dedupe option is enabled.
To prevent feature duplication when creating a new tileset, use Mapbox Tiling Service (MTS) to properly create globally unique IDs. Avoid using the Uploads API or the Mapbox Studio UI, which will not use any user-provided IDs or generate globally unique IDs.
During upload processing, we reproject all geometries to Web Mercator (EPSG:3857) before encoding into vector tiles. During the vector tile encoding process, if your data isn't Web Mercator, each vertex must be reprojected during encoding, which can take a long time.
We suggest reprojecting your data before uploading to skip this process and speed up your upload. Here's how you can reproject your data with open source tools:
ogr2ogrcommand line utility. The following example is how to convert a Shapefile to Web Mercator.
ogr2ogr output.shp -t_srs "EPSG:3857" input.shp
QGIS allows for reprojection -
Right-click your layer -> Save As -> Select "Web Mercator EPSG:3857" as the output projection.
Multipart geometries can be complex – a single feature can be comprised of hundreds of thousands of polygons. These complex multipart geometries increase processing time and lead to timeouts.
To improve processing speeds, you can break each polygon into its own unique feature (singlepart) using QGIS. This will reduce the complexity per feature and allow the data to process faster. Note that each individual singlepart feature will share the attributes of the original feature.
population: 100 is duplicated. If you plan on styling based on attributes such as this, be wary of splitting into singleparts!
There are a couple of helpful tools for doing this:
- In QGIS you can use either the
Vector -> Geometry Tools -> Multipart to singlepartsor the Multipart Split plugin.
- If you are using GeoJSON and Node.js, you can use the geojson-flatten module.
Simplifying your data means removing complexity in the vertices of your geometry. Each vertex must be translated to vector tile coordinates. The fewer vertices to translate, the faster processing becomes. Often you can simplify your data without any visual change. It's important to watch out for oversimplification, though! Oversimplifying could remove important granularity in your data as well as potentially create invalid geometries if lines begin overlapping.
Simplification tools typically take a tolerance parameter to specify how much to simplify. Some tools to use for simplifying data:
- QGIS vector simplification -
Vector -> Geometry Tools -> Simplify geometries
- Turf.js simplify
Large features that span the entire dataset can slow down processing.
For example, consider this dataset of Hawaii. It contains a handful of smaller polygons that represent the islands. It also contains a large polygon that represents the surrounding water. Since the bounding box of the water polygon will intersect with nearly all the tile boundaries (gray lines), the water polygon will need to be processed for nearly every tile within this tileset.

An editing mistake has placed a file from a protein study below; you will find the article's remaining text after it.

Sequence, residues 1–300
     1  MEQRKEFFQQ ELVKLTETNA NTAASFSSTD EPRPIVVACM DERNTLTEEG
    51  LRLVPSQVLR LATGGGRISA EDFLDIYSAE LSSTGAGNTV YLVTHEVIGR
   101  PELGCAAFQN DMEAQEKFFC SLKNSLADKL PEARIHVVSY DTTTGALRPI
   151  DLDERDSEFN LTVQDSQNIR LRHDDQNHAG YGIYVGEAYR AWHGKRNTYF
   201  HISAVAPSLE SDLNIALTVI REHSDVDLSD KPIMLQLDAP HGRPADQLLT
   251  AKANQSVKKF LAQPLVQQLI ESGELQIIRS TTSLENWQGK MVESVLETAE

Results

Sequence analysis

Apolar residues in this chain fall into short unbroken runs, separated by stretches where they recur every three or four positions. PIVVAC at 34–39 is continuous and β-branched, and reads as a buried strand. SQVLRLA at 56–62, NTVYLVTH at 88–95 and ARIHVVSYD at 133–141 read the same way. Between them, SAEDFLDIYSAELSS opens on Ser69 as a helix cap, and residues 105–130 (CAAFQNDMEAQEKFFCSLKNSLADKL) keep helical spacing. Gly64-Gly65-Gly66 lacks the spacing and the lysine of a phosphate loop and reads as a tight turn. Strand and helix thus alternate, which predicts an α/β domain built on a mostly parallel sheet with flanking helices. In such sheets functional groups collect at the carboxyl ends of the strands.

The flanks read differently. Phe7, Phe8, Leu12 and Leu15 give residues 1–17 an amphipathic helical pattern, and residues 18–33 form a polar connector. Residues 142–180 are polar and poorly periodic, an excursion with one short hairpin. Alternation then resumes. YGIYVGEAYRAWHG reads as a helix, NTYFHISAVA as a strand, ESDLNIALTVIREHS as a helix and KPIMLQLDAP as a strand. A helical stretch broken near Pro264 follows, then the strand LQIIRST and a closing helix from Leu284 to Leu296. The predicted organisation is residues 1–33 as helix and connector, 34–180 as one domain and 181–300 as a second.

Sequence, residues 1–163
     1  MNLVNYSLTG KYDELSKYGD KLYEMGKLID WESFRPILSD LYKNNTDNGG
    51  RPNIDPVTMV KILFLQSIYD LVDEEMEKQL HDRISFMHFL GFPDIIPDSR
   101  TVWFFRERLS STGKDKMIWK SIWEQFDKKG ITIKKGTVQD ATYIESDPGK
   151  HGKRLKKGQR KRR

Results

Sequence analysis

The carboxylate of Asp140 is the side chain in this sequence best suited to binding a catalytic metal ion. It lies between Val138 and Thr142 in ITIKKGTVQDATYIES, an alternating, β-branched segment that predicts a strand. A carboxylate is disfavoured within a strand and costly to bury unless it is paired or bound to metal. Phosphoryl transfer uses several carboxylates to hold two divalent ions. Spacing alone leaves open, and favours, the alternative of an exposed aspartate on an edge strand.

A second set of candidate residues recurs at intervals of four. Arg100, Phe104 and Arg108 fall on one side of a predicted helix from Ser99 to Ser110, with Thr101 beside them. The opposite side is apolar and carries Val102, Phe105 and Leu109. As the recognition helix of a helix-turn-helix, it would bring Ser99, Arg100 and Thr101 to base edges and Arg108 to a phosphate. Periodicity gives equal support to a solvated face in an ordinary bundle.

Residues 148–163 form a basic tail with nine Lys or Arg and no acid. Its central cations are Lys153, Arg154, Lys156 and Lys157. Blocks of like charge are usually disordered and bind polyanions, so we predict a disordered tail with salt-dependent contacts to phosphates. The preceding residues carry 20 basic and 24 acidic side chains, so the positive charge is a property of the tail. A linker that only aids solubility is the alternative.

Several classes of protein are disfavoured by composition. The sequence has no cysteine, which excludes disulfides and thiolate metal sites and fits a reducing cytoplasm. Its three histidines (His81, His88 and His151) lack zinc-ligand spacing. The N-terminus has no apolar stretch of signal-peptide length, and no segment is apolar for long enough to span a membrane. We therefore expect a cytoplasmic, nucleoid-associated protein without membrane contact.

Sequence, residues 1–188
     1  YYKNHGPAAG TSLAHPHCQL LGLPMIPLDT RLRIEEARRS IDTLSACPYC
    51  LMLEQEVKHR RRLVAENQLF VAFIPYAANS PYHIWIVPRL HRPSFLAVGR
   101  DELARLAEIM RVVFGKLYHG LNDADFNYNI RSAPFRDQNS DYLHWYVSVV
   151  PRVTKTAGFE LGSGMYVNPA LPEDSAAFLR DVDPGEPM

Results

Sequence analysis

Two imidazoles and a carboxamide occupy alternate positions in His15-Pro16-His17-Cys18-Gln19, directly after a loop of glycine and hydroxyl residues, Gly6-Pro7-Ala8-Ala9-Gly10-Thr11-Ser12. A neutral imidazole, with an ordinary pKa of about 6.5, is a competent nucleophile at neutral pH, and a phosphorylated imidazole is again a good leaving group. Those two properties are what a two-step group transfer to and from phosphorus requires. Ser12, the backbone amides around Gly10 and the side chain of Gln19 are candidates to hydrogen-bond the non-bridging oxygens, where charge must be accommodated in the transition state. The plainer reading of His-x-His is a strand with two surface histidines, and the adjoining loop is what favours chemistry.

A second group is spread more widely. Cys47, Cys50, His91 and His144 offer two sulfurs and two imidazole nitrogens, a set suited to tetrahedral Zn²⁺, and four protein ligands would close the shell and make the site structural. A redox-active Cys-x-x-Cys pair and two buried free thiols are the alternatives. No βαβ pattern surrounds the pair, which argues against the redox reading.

There is no exact solution for this, since it largely depends on the dataset and how you plan to style and use the data.
Some possible solutions include:
Remove the large polygon if it's not necessary for your use case.
Split the large polygon into smaller polygons: After creating a digitized layer of smaller polygons, use that digitized layer to intersect with the large polygon and split it into pieces. Then add the newly split feature into your original dataset.
QGIS geometry intersection -
Vector -> Geoprocessing Tools -> Intersection
Caution: This could create unwanted polygon borders, depending on how you plan to style the dataset.
Large contour datasets can be particularly complex. Often they will have long, single feature linestrings wrapping across the entire dataset. Like the large polygons above, these can take a long time to process.
We recommend using GRASS's
v.split function via QGIS to break lines into shorter, equal segments. Smaller geometries will improve processing speed. If the contour data is highly detailed (as in, requires zoom 22) we recommend breaking lines every 5 kilometers.
We generate summary documents, known as tilestats, for uploads so Mapbox Studio can see what types of data and properties are in your spatial data. This takes quite a long time for large MBTiles files and can lead to timeouts. If you are using Tippecanoe to generate your MBTiles file you can bypass this step by using version 1.21.0 or later of Tippecanoe, which pre-generates a tilestats object. This can cut upload times in half.
If you aren't using Tippecanoe, you can still use the
tile-join operation provided by Tippecanoe to generate the tilestats document. Make sure to at least use version 1.22.0.
tile-join -o with-tilestats.mbtiles original.mbtiles